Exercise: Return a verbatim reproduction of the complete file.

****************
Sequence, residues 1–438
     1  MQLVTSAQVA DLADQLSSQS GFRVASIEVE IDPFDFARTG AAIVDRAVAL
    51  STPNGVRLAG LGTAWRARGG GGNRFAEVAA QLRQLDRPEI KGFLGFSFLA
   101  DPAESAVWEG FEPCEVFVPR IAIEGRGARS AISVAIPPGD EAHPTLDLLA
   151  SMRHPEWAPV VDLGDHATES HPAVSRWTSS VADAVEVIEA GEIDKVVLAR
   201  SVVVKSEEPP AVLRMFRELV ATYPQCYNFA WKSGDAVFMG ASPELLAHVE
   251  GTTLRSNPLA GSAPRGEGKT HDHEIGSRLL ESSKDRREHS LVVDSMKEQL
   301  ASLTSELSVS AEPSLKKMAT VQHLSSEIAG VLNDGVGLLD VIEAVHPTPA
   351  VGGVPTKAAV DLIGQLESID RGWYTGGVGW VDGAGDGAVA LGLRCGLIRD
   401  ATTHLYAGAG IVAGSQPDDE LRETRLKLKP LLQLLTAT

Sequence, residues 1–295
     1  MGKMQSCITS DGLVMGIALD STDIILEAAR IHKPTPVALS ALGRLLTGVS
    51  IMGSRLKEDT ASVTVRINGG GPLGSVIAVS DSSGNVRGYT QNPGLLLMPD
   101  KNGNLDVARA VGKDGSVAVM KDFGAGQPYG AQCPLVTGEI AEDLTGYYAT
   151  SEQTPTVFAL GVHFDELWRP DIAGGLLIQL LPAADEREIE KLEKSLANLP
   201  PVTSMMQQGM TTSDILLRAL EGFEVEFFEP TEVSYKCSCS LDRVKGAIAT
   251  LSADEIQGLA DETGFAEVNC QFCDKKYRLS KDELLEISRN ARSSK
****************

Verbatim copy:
Sequence, residues 1–438
     1  MQLVTSAQVA DLADQLSSQS GFRVASIEVE IDPFDFARTG AAIVDRAVAL
    51  STPNGVRLAG LGTAWRARGG GGNRFAEVAA QLRQLDRPEI KGFLGFSFLA
   101  DPAESAVWEG FEPCEVFVPR IAIEGRGARS AISVAIPPGD EAHPTLDLLA
   151  SMRHPEWAPV VDLGDHATES HPAVSRWTSS VADAVEVIEA GEIDKVVLAR
   201  SVVVKSEEPP AVLRMFRELV ATYPQCYNFA WKSGDAVFMG ASPELLAHVE
   251  GTTLRSNPLA GSAPRGEGKT HDHEIGSRLL ESSKDRREHS LVVDSMKEQL
   301  ASLTSELSVS AEPSLKKMAT VQHLSSEIAG VLNDGVGLLD VIEAVHPTPA
   351  VGGVPTKAAV DLIGQLESID RGWYTGGVGW VDGAGDGAVA LGLRCGLIRD
   401  ATTHLYAGAG IVAGSQPDDE LRETRLKLKP LLQLLTAT

Sequence, residues 1–295
     1  MGKMQSCITS DGLVMGIALD STDIILEAAR IHKPTPVALS ALGRLLTGVS
    51  IMGSRLKEDT ASVTVRINGG GPLGSVIAVS DSSGNVRGYT QNPGLLLMPD
   101  KNGNLDVARA VGKDGSVAVM KDFGAGQPYG AQCPLVTGEI AEDLTGYYAT
   151  SEQTPTVFAL GVHFDELWRP DIAGGLLIQL LPAADEREIE KLEKSLANLP
   201  PVTSMMQQGM TTSDILLRAL EGFEVEFFEP TEVSYKCSCS LDRVKGAIAT
   251  LSADEIQGLA DETGFAEVNC QFCDKKYRLS KDELLEISRN ARSSK